• Palazzo Vecchio: the town hall of Florence. It overlooks the Piazza della Signoria, which holds a copy of Michelangelo’s David statue, and the gallery of statues in the adjacent Loggia dei Lanzi. 
Piazza della Signoria, Plazzo Vecchio
  • Ponte Vecchio: the old bridge which should be viewed from a distance to take in its beauty but all to walk across and window shop the abundance of silversmith shops.
Ponte Vecchio Bridge
  • Mercato Centrale: a fantastic place to walk and explore all the vendors on the first floor. Food, trinkets, wine – everything you can think of and more. Upstairs is the restaurant mall (that’s what I call it).
Amazing Mercato in Florence, Italy. Marketplace to find everything.

This completes Day 1 travel itinerary in Florence.

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Day 2: The Renaissance- Pick And Choose if Needed

Galleria dell’Accademia

Even if you aren’t into art, seeing Michelangelo’s “David” sculpture is incredible. Even just to view it once, is worth the visit. The Galleria dell-Accademia is located: About an eight-minute walk from the Duomo.

Santa Maria Novella

Another beautiful church, Santa Maria Novella, is another example of the Florentine Renaissance. It was finally completed in 1920 and holds an impressive crucifix by Giotto and works by Botticelli, Masaccio, and much more. The grounds are beautiful too and worth a visit. Location: Near the train station.

Basilica di Santa Croce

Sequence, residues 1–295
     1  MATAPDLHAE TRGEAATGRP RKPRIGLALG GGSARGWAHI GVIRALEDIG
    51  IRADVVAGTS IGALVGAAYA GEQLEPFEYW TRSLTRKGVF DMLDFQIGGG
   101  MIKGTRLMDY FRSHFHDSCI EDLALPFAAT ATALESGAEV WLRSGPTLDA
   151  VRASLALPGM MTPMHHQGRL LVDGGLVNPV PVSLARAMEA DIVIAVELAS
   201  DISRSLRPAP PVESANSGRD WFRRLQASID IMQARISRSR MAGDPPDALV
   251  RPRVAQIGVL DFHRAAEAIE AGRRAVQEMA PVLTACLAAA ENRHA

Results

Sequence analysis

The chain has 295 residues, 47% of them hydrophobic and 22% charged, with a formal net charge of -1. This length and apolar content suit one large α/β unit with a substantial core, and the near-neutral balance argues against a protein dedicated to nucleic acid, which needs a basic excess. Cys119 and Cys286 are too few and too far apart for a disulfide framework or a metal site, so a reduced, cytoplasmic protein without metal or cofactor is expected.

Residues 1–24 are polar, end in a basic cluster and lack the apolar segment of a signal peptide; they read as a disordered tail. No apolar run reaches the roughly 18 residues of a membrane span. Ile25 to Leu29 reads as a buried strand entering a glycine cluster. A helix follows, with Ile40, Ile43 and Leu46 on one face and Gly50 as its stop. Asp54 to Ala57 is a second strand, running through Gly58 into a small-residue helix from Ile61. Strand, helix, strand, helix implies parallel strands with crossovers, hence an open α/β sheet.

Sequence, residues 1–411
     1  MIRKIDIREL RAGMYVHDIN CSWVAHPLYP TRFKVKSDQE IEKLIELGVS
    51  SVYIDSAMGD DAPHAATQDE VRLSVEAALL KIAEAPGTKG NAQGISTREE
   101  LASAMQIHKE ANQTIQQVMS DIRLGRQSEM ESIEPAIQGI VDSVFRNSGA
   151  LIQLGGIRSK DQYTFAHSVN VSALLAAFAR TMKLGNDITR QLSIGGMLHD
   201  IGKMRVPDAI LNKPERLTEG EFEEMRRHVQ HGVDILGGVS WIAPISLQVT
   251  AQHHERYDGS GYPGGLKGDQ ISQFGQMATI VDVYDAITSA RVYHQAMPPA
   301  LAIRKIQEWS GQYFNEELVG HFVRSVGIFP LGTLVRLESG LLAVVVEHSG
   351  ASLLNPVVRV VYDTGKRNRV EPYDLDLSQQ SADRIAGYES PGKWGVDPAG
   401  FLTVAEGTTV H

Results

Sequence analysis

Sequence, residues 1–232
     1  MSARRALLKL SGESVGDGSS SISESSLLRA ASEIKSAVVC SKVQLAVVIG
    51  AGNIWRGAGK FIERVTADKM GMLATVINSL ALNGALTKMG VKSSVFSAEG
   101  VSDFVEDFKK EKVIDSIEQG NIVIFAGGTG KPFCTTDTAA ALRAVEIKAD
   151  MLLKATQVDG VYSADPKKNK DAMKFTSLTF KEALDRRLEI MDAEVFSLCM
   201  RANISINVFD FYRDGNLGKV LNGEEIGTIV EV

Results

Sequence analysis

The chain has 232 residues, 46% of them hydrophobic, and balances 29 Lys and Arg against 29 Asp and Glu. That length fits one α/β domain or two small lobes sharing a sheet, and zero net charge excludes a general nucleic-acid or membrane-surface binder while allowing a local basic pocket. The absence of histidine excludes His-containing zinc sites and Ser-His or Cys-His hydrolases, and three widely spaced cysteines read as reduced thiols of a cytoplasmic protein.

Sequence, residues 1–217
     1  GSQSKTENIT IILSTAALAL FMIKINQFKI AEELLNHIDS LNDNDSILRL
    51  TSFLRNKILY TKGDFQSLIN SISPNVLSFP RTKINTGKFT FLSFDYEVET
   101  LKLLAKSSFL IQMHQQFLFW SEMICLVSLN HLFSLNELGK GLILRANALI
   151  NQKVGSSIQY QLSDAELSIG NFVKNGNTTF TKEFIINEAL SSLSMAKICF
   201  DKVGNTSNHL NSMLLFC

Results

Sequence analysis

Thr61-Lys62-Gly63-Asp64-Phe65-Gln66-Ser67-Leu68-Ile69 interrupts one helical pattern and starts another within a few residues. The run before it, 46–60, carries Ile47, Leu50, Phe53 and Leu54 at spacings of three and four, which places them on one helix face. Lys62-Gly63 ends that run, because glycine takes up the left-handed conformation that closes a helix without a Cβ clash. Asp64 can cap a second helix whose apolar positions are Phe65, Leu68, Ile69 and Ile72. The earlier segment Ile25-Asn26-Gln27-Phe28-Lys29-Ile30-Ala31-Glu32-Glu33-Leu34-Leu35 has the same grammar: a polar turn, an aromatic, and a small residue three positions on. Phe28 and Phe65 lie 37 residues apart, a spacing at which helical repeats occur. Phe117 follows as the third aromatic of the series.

This church is incredible inside and if you visit, the Scuola del Cuoio’s entrance is just to the back of this church. This is a leather school where they sell items and sometimes you can see students learning to cut and sew leather.

Bargello Museum

Visit the Bargello Museum to see masterpieces of the Renaissance, like Donatello’s David, in a historic building. A former prison, the building alone is impressive. This museum holds mainly sculptures and warrants an hour or two. Location: Near Piazza della Signoria

Home to some of the greatest collections of art in the world, if you have a half-day or a minimum of three hours, the Uffizi Gallery is a must-stop in your itinerary in Florence. Do not stand on the long line to purchase tickets. I’m not sure why more people don’t know about Skip-the-Line and booking ahead. At this time, they even offer a single ticket for five consecutive days to visit the Uffizi, Pitti Palace, and Boboli Gardens at a good price.

your travel itinerary Inside the hallway of the Uffizi Gallery -

Day 4: Visit Tuscany

If you’d rather spend more time exploring and less time in museums, there are several tours where you can enjoy day trips to Siena, San Gimignano, Pisa, Lucca, Cinque Terre, Bologna, and Venice. These, of course, would need to be booked a few days before during high season. As much as I’m not a bus tour fan, we’ve used various companies when visiting Florence. You could rent a car and explore the Tuscan countryside yourself. Wine enthusiasts might want to do a day trip to one, two, okay… maybe three select wineries in Tuscany during the summer months. You can visit the Florence information center for tour suggestions.